Amortization Calculator (2024)

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Amortization Calculator (1)

Monthly Pay: $1,687.71

Total of 180 monthly payments$303,788.46
Total interest$103,788.46

Amortization schedule

YearInterestPrincipalEnding Balance

While the Amortization Calculator can serve as a basic tool for most, if not all, amortization calculations, there are other calculators available on this website that are more specifically geared for common amortization calculations.

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What is Amortization?

There are two general definitions of amortization. The first is the systematic repayment of a loan over time. The second is used in the context of business accounting and is the act of spreading the cost of an expensive and long-lived item over many periods. The two are explained in more detail in the sections below.

Paying Off a Loan Over Time

When a borrower takes out a mortgage, car loan, or personal loan, they usually make monthly payments to the lender; these are some of the most common uses of amortization. A part of the payment covers the interest due on the loan, and the remainder of the payment goes toward reducing the principal amount owed. Interest is computed on the current amount owed and thus will become progressively smaller as the principal decreases. It is possible to see this in action on the amortization table.

Credit cards, on the other hand, are generally not amortized. They are an example of revolving debt, where the outstanding balance can be carried month-to-month, and the amount repaid each month can be varied. Please use our Credit Card Calculator for more information or to do calculations involving credit cards, or our Credit Cards Payoff Calculator to schedule a financially feasible way to pay off multiple credit cards. Examples of other loans that aren't amortized include interest-only loans and balloon loans. The former includes an interest-only period of payment, and the latter has a large principal payment at loan maturity.

Amortization Schedule

An amortization schedule (sometimes called an amortization table) is a table detailing each periodic payment on an amortizing loan. Each calculation done by the calculator will also come with an annual and monthly amortization schedule above. Each repayment for an amortized loan will contain both an interest payment and payment towards the principal balance, which varies for each pay period. An amortization schedule helps indicate the specific amount that will be paid towards each, along with the interest and principal paid to date, and the remaining principal balance after each pay period.

Basic amortization schedules do not account for extra payments, but this doesn't mean that borrowers can't pay extra towards their loans. Also, amortization schedules generally do not consider fees. Generally, amortization schedules only work for fixed-rate loans and not adjustable-rate mortgages, variable rate loans, or lines of credit.

Spreading Costs

Certain businesses sometimes purchase expensive items that are used for long periods of time that are classified as investments. Items that are commonly amortized for the purpose of spreading costs include machinery, buildings, and equipment. From an accounting perspective, a sudden purchase of an expensive factory during a quarterly period can skew the financials, so its value is amortized over the expected life of the factory instead. Although it can technically be considered amortizing, this is usually referred to as the depreciation expense of an asset amortized over its expected lifetime. For more information about or to do calculations involving depreciation, please visit the Depreciation Calculator.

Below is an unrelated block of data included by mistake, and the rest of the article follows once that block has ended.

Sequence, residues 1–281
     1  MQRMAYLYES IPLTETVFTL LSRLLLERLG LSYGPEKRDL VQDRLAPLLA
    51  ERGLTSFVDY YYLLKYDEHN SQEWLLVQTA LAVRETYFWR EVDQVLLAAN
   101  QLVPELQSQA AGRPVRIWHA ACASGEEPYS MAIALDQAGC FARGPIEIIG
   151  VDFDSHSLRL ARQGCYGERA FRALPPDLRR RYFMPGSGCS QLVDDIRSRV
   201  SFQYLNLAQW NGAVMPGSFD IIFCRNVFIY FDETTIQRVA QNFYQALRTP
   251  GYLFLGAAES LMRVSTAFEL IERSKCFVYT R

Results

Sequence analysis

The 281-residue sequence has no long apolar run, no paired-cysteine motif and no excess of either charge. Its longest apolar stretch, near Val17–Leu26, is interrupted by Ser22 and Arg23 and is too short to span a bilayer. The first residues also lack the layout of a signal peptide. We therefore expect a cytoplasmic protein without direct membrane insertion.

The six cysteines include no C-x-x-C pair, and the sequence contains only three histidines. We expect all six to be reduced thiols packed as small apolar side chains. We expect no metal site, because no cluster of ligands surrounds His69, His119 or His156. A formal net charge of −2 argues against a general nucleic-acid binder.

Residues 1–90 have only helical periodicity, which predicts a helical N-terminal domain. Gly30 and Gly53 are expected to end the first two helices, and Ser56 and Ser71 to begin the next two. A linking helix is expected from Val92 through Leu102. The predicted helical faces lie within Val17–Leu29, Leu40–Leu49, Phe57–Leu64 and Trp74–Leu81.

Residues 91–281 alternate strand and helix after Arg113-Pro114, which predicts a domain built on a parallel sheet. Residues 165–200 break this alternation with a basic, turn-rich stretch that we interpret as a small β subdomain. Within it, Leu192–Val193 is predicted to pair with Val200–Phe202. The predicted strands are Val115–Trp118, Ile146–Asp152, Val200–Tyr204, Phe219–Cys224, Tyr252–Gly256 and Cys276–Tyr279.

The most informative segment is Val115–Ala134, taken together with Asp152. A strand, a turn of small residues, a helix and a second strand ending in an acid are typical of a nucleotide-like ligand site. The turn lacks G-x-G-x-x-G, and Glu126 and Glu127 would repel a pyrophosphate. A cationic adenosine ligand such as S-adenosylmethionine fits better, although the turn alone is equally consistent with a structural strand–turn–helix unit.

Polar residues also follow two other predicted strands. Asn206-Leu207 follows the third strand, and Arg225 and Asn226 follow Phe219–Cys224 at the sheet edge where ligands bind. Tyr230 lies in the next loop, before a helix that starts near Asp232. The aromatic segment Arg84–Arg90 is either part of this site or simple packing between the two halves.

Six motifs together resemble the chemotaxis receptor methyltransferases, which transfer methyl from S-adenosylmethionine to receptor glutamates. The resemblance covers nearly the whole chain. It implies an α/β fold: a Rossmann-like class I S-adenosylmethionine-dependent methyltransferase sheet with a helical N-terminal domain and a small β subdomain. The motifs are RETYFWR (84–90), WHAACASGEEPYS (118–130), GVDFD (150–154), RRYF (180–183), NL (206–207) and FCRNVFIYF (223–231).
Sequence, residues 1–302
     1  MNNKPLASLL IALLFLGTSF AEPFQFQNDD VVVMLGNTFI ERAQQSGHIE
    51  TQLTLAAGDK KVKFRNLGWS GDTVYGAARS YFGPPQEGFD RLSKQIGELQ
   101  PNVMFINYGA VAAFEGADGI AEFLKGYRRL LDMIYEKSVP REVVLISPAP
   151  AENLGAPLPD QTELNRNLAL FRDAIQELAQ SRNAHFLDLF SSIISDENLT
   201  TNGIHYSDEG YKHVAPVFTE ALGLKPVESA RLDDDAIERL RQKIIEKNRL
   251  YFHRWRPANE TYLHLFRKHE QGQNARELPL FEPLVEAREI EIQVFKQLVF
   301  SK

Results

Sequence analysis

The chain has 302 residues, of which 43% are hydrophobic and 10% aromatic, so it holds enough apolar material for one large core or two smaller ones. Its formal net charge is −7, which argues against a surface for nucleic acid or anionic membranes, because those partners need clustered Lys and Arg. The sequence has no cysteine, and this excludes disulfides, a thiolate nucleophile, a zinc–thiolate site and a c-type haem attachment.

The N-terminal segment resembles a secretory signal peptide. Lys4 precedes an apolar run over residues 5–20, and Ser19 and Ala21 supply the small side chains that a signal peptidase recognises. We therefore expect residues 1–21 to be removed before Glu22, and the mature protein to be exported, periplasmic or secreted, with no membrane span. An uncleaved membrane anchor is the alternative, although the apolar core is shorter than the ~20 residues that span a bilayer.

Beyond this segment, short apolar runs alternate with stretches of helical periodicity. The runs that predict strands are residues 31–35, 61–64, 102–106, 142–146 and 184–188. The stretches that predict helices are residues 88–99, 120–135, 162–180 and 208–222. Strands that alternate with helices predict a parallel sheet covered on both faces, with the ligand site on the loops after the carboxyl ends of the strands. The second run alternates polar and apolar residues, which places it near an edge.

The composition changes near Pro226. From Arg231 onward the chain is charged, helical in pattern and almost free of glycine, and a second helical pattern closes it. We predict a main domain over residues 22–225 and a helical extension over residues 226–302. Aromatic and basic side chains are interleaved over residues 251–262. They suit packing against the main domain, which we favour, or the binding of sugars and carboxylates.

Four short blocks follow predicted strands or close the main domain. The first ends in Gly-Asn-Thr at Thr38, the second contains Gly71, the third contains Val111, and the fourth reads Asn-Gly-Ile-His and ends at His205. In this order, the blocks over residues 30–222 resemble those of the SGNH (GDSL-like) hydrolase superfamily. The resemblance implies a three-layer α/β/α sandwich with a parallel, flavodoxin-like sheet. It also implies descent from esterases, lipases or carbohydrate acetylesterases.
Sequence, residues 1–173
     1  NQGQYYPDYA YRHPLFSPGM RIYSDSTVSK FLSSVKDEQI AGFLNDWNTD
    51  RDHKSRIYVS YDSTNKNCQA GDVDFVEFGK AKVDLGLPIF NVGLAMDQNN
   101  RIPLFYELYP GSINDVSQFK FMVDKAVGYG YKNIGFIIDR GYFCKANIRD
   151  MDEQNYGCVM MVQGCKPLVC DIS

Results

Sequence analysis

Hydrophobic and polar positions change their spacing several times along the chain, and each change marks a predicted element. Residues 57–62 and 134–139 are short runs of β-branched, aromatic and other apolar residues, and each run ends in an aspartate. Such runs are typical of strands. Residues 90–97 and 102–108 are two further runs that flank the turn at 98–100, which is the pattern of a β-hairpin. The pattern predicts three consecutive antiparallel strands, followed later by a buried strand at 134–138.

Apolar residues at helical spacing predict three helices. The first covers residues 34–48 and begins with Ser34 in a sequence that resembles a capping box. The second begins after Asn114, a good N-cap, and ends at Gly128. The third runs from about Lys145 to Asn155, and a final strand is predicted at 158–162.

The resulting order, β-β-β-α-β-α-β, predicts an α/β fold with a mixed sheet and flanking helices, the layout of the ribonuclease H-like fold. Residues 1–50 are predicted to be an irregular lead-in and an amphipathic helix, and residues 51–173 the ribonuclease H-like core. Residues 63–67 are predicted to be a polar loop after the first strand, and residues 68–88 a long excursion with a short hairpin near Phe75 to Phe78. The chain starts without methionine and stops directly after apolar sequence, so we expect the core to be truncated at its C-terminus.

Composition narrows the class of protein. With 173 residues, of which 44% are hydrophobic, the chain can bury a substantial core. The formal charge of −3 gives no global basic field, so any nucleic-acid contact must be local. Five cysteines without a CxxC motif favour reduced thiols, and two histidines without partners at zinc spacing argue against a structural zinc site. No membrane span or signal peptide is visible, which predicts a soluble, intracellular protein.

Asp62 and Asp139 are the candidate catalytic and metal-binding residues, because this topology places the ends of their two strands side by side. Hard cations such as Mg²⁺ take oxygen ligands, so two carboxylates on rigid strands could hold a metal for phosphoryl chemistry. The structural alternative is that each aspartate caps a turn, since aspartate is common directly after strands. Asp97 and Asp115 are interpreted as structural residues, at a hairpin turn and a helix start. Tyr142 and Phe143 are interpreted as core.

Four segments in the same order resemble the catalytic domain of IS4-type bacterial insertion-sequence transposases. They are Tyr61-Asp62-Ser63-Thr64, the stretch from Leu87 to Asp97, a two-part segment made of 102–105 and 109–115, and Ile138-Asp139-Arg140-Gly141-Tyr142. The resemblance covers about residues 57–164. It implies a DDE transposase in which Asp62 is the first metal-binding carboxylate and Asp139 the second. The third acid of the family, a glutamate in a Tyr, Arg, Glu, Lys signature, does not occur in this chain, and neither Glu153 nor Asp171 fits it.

Amortization as a way of spreading business costs in accounting generally refers to intangible assets like a patent or copyright. Under Section 197 of U.S. law, the value of these assets can be deducted month-to-month or year-to-year. Just like with any other amortization, payment schedules can be forecasted by a calculated amortization schedule. The following are intangible assets that are often amortized:

  1. Goodwill, which is the reputation of a business regarded as a quantifiable asset
  2. Going-concern value, which is the value of a business as an ongoing entity
  3. The workforce in place (current employees, including their experience, education, and training)
  4. Business books and records, operating systems, or any other information base, including lists or other information concerning current or prospective customers
  5. Patents, copyrights, formulas, processes, designs, patterns, know-hows, formats, or similar items
  6. Customer-based intangibles, including customer bases and relationships with customers
  7. Supplier-based intangibles, including the value of future purchases due to existing relationships with vendors
  8. Licenses, permits, or other rights granted by governmental units or agencies (including issuances and renewals)
  9. Covenants not to compete or non-compete agreements entered relating to acquisitions of interests in trades or businesses
  10. Franchises, trademarks, or trade names
  11. Contracts for the use of or term interests in any items on this list

Some intangible assets, with goodwill being the most common example, that have indefinite useful lives or are "self-created" may not be legally amortized for tax purposes.

According to the IRS under Section 197, some assets are not considered intangibles, including interest in businesses, contracts, land, most computer software, intangible assets not acquired in connection with the acquiring of a business or trade, interest in an existing lease or sublease of a tangible property or existing debt, rights to service residential mortgages (unless it was acquired in connection with the acquisition of a trade or business), or certain transaction costs incurred by parties in which any part of a gain or loss is not recognized.

Amortizing Startup Costs